Healthy environment for horses
All horses need a safe, warm environment in which to live. This doesnt necessarily mean that they need stables. Some horses are from hardier stock and will be fine as long as they can stay out of the sun or rain if needed. Other breeds, as well as the very young, old, or ill, will need stabling. It can also become necessary in an emergency to put a horse in a stable.
If the horses will be kept indoors, they need individual compartments. These compartments should be spacious enough to allow some freedom of movement. Ideally, loose boxes would be used since these can be rearranged and moved. This allows reconfiguration of the space and easy transportation for the horses.
Stables should be mucked out every day for hygiene purposes. The horses’ living space should be kept clean and free of dust, bugs, and dangerous objects. The buildings used must be dry, warm, spacious, and well-ventilated. Muddy, dusty, drafty, or stuffy stables mean sick or unhappy horses.
The buildings should also be well-lit. Horses should be able to see their surroundings clearly. If the stables have good artificial and natural lighting, the horses will also be easier to groom and inspect, and the stables will be easier to keep clean.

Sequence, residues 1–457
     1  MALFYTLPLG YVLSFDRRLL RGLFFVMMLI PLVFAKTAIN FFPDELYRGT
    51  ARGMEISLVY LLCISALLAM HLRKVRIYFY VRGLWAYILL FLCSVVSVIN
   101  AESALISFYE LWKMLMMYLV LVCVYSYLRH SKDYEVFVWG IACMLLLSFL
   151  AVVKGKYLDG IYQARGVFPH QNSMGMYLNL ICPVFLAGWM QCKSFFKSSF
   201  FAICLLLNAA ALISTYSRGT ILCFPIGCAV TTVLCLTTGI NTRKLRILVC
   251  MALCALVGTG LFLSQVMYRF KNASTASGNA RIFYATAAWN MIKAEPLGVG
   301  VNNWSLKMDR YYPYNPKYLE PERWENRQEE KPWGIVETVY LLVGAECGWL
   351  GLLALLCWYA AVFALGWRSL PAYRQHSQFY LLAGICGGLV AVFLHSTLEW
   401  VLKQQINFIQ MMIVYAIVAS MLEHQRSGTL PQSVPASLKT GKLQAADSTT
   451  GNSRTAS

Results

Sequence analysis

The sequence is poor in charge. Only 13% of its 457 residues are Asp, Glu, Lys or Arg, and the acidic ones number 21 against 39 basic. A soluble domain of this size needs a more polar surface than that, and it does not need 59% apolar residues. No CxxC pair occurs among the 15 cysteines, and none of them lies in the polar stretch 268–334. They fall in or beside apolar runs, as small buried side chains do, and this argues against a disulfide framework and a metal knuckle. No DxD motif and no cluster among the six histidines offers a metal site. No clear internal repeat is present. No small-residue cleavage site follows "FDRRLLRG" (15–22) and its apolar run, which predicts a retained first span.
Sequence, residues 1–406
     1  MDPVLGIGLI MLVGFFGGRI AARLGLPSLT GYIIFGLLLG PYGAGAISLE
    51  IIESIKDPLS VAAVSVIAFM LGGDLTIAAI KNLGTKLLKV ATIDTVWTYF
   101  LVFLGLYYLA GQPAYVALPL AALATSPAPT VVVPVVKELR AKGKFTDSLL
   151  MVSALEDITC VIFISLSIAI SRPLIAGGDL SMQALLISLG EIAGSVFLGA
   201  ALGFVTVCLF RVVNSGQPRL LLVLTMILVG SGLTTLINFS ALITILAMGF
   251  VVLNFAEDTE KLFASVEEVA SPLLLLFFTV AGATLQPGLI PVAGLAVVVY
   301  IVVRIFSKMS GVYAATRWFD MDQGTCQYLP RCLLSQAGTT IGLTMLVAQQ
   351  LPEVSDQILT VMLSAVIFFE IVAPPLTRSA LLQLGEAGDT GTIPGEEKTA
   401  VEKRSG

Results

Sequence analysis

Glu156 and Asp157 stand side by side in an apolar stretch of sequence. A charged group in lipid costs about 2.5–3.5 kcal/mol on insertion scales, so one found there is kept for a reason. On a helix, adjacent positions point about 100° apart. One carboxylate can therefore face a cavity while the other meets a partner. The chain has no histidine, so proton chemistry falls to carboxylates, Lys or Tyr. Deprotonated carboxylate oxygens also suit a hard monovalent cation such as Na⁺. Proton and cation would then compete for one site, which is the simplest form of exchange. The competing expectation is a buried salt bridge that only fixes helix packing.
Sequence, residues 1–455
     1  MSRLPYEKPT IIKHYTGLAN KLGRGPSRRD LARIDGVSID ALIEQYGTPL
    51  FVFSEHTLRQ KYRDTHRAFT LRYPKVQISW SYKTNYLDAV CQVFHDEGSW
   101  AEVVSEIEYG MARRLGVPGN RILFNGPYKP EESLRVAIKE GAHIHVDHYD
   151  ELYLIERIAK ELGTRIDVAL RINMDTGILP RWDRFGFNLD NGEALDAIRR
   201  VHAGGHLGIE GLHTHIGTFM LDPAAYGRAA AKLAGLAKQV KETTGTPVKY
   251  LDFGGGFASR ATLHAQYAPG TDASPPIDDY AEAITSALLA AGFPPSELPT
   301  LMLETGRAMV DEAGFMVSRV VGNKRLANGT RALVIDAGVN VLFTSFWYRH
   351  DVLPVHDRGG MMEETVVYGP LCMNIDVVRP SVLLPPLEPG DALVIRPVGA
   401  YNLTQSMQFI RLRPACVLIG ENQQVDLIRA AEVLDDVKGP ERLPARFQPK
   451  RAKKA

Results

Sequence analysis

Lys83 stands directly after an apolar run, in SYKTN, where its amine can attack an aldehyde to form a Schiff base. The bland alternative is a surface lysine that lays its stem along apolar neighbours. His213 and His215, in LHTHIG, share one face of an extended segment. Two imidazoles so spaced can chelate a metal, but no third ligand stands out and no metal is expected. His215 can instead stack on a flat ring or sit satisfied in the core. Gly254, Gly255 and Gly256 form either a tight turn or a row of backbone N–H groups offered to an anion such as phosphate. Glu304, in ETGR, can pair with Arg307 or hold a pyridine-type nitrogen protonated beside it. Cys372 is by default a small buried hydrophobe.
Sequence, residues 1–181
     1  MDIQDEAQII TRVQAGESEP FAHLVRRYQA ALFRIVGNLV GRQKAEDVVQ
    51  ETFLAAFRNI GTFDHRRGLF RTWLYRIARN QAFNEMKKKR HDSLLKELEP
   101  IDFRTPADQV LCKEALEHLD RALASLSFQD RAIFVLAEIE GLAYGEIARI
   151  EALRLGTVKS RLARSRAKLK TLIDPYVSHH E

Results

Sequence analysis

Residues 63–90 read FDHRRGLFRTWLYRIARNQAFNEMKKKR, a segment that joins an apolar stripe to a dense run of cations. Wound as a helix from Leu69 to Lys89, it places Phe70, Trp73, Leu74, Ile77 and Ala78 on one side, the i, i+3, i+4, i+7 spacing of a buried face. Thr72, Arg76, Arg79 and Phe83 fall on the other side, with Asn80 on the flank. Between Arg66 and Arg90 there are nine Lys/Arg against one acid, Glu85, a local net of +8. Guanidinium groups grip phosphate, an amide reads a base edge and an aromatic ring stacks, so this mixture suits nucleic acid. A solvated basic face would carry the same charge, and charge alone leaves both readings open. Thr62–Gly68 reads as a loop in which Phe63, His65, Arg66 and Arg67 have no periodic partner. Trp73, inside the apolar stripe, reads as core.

Horses are by nature very social creatures, meant to live in herd-based structures. This means that they need plenty of socialization, exercise, and time outdoors. A horse that is deprived of fresh air or sunlight will become unhappy and unwell. This means that the horses shouldnt be kept indoors for too long. They should also have a paddock where they can exercise and interact with each other.
The spaces meant for the horses should be properly surrounded with fences. Fences and gates shouldnt be low enough for the horses to jump over, but instead high enough to keep them in. The British Horse Society recommends fences be four feet high (four and a half feet for stallions).
The gates should also allow for the horses to move safely when open, but keep them safely inside when closed. Barbed wire mustnt be used, because the horses could injure themselves on the barbs.
Horse owners must be aware of the types of plants that are dangerous to horses. They must keep these plants away from the horses’ living spaces. Grass cuttings and other landscaping wastes should also be kept away from the horses. These are unsafe for consumption, and horses will try to eat them.
Horses need a safe environment both indoors and outdoors. Give them stables that are clean, warm and dry, and spacious, well-fenced paddocks. These will make it easier for owners to keep their horses happy and healthy.